She flew in to attend the Barcelona festival, the largest of its kind in Spain. She couldn't wait to see the streets filled with people watching processions of massive gegants, 12-foot tall papier-mâché medieval puppets. Or the correfoc, a wild fire run by crazed costumed pyromaniacs.
She soared down the street and found the perfect parking spot.
"I might be in time to see the castellers!" she gasped, anticipating a unique feat where gymnasts create human towers so tall, they'd give typical cheerleaders nosebleeds.
She entered the gates, and her head was spinning. In all her excitement, she hadn't eaten all day. Then she saw food as far as eye could see.
"Is this place reading my mind?" she thought.
Barcelona has long been a major tourist attraction. Millions attend La Mercé every year, and the city is always abloom with open-air flower markets. Tourists peruse kiosks stocked with bright, luscious fruit, and stroll down to the city’s architectural jewel, the Sagrada Familia.
Unfortunately, until 2011, underneath this magical city was an infrastructure that drastically needed to be updated.
Since the city used different systems to manage business intelligence, every piece of information had to be entered manually to make heads or tails of it all. There was no way to analyze information critical to tourist enjoyment.
The city needed to get serious about data.
- Luis Sanz Marco, Director of Barcelona Municipal Institute of Information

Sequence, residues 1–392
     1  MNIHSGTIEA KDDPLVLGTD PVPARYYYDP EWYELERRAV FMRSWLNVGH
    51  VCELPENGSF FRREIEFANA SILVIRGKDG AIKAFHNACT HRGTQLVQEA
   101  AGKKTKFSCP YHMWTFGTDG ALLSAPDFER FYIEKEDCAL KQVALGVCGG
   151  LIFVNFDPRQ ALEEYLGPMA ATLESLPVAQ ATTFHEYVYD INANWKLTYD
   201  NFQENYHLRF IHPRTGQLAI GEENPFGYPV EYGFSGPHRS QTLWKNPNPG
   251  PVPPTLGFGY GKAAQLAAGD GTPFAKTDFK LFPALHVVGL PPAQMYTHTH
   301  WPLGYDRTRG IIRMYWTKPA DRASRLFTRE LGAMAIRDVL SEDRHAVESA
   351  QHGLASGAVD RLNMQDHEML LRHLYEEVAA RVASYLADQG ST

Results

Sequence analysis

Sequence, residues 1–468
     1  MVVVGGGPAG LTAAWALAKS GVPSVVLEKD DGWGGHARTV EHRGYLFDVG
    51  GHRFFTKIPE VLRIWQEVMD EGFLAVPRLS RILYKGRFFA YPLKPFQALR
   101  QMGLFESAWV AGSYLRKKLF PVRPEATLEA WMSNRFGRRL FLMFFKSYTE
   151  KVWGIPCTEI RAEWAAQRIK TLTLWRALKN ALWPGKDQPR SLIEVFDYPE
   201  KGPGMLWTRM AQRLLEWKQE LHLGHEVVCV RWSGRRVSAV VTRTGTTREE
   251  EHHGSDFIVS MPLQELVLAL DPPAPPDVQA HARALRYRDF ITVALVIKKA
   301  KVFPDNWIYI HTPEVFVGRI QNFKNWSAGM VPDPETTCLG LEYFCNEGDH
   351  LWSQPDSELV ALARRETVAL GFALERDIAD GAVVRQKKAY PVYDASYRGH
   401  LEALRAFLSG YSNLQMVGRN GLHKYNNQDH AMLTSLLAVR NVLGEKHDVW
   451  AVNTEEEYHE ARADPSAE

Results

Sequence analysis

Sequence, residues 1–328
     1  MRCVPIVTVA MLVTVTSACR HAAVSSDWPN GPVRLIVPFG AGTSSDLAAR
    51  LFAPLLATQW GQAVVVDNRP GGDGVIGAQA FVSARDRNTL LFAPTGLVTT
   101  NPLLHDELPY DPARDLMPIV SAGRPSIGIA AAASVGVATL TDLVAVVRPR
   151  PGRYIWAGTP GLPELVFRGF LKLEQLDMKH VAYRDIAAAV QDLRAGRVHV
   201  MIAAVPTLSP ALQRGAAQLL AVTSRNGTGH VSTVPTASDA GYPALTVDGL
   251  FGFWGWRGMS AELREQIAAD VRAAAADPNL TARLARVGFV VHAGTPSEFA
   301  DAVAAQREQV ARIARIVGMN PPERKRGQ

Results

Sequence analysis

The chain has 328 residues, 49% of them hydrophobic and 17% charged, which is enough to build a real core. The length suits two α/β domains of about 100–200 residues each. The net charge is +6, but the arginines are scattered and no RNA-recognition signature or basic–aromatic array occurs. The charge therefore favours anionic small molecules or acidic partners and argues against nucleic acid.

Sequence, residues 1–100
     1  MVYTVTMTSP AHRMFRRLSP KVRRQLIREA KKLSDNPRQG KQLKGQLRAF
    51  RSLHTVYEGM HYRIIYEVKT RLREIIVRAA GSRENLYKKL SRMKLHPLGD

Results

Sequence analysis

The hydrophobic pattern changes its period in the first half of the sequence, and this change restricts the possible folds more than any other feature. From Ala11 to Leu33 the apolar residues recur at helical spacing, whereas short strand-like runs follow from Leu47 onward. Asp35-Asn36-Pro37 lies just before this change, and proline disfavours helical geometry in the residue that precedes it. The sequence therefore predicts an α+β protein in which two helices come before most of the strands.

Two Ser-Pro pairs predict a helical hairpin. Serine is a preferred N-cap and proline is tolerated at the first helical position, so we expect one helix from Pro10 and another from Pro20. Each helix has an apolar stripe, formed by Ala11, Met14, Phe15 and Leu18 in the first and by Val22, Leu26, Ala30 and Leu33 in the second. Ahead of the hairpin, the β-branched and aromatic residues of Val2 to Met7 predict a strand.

The city partnered with Bismart, which built a hybrid cloud to bring the disparate information together. Built on Microsoft Azure, it could display everything that affects tourist experience together, like street maps, public facilities, population, and businesses.
Now, the city can analyze them all in one, simple place. If a certain purse-snatcher is affecting a certain corner, the city will know it. And if a specific neighborhood is underserved for restaurants, they'll be the first to hear.
The system is great at compounding existing city data, but it also takes advantage of a more recent source of information: social media.
It culls near-limitless real-time feeds and petabytes of data from Twitter and mobile apps. Thanks to the GPS embedded in phones, the city can track how tourists move, which lets them know the best places to put bike stations, security cameras, restaurants, and ATMs.
If people are digging an event, the city will know. And if traffic is a nightmare, they'll get on it. All from the photos and comments people are leaving online.
By using cloud technology, Barcelona has guaranteed that its famous allure will endure. The needs of citizens and tourists alike are shaping city development like never before possible.
And Camila? She's swaying to the beat of her favorite EDM band. "How did the festival know?" she wonders.
Because she tweeted about them last month.
Bismart, a Business Intelligence and big data specialist awarded for excellence in innovation and implementation of customer-based solutions.
See how Bismart boosts collaboration between Barcelona, its citizens and businesses, and other global cities.
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